Saying Goodbye

We asked Audubon’s Eric Lind to identify three birds seen at Constitution Marsh that face dire circumstances due to global warming. He notes that “these examples are already under pressure due to habitat degradation or loss, collisions with buildings and other man-made structures, environmental contaminants and invasive species. Major stresses from climate change add to a fate that is complex and uncertain.”

Least bittern

“Currently listed as a threatened species in New York state, it needs large freshwater and brackish marshes with tall and dense emergent vegetation, interspersed with patches of open water. The numbers are stable in the marsh, likely due to our management of invasive plants. It may experience a shift in range from the South to our area, but this won’t matter if the marsh is severely diminished from sea-level rise.”

Least bittern

Bald eagle

“The increasing severity of storms threaten its chicks, as the large size of the nests make them prone to being blown down. By 2080, only about 25 percent of the bald eagle’s current range is expected to remain. While new areas may open up with the warming climate, they will not assure a sustained population. Forested areas adjacent to large bodies of water with abundant, large fish are also needed. In New York, we are seeing eagles breeding earlier in the season.”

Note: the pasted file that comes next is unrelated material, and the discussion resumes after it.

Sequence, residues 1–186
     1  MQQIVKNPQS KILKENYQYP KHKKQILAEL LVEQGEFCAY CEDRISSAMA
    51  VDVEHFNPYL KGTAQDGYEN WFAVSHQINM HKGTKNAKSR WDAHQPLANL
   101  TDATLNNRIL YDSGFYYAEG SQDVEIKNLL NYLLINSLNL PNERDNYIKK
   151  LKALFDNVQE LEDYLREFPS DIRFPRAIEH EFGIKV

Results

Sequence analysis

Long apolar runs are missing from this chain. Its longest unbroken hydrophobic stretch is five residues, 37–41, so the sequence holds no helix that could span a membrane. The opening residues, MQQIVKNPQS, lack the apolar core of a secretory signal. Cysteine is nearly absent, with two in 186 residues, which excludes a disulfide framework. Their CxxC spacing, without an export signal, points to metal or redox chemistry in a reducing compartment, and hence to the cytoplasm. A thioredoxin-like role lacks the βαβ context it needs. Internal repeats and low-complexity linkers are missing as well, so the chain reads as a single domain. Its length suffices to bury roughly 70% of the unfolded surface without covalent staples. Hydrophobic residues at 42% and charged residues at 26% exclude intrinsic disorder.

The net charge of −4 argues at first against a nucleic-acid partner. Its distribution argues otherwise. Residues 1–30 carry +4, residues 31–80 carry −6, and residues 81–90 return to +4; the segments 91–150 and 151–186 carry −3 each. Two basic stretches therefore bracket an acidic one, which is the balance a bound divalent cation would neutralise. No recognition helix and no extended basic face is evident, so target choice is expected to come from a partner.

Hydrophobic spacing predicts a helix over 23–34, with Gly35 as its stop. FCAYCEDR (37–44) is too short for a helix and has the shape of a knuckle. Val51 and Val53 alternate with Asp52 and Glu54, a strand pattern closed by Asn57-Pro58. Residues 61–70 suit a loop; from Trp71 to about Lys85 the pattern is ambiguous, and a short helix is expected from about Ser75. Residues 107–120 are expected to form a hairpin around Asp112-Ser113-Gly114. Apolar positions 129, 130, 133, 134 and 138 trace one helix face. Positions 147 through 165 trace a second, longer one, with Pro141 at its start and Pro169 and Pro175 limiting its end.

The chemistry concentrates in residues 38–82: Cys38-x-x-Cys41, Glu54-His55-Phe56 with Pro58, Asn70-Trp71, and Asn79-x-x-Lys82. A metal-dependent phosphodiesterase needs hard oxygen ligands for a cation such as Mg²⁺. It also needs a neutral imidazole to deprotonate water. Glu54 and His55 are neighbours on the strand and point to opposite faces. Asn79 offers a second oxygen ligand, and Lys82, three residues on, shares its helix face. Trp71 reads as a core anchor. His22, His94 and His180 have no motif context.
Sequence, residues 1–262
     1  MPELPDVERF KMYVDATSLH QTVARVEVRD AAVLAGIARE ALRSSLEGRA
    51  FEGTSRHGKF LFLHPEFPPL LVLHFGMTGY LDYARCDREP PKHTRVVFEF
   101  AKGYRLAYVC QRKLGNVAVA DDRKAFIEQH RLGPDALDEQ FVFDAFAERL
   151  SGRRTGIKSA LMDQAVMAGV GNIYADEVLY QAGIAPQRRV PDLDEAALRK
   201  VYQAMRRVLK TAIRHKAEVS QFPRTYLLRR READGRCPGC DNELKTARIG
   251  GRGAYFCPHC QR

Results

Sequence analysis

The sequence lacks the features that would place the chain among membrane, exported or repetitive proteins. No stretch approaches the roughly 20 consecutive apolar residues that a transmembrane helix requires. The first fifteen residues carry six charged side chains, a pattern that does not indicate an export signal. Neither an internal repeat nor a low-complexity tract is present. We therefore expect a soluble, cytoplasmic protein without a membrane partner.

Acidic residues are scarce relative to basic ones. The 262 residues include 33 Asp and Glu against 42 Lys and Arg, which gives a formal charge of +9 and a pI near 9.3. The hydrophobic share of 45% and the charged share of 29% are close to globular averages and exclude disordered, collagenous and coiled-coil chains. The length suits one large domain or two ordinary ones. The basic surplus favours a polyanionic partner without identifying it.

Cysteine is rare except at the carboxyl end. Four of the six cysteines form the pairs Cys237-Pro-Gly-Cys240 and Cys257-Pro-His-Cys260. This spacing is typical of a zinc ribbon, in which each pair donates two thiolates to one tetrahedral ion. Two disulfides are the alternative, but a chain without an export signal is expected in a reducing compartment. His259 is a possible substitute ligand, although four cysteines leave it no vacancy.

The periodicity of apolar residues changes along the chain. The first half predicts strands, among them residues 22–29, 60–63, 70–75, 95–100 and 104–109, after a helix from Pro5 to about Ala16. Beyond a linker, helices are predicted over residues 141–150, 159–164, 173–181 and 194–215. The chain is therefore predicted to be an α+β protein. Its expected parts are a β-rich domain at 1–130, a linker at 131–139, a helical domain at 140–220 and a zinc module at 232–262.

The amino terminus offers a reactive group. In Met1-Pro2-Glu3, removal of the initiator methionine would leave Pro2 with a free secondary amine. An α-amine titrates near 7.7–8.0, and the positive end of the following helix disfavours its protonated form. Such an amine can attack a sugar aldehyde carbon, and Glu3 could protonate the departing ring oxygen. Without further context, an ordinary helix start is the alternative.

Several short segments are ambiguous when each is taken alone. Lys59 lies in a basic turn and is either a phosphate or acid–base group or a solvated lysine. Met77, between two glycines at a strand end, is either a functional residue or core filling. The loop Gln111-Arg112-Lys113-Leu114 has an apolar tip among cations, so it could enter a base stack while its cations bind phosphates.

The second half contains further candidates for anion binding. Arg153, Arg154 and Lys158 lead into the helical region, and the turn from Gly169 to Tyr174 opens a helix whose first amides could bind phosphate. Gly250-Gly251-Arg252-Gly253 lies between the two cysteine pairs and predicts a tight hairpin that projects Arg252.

Bald eagle

Louisiana waterthrush

“They nest only along clear, clean streams that flow through hilly dense forests. Audubon’s climate model projects a 97 percent loss of current breeding range in eastern North America by 2080.”

Louisiana waterthrush

Into the Wild
Wrenches in the System
Resilient Landscapes
Could Trees Save Us?
So Long, and Thanks for All the Fish
The Climate for Lyme

What Do You Think?

The Current welcomes comments on its coverage and local issues. Submissions are selected by the editor to provide a variety of opinions and voices, and all are subject to editing for accuracy, clarity and length. We ask that writers remain civil and avoid personal attacks. Submissions must include your first and last name (no pseudonyms), as well as a valid email address. Please allow up to 24 hours for an approved submission to be posted. All online comments may also appear in print.

Your email address will not be published.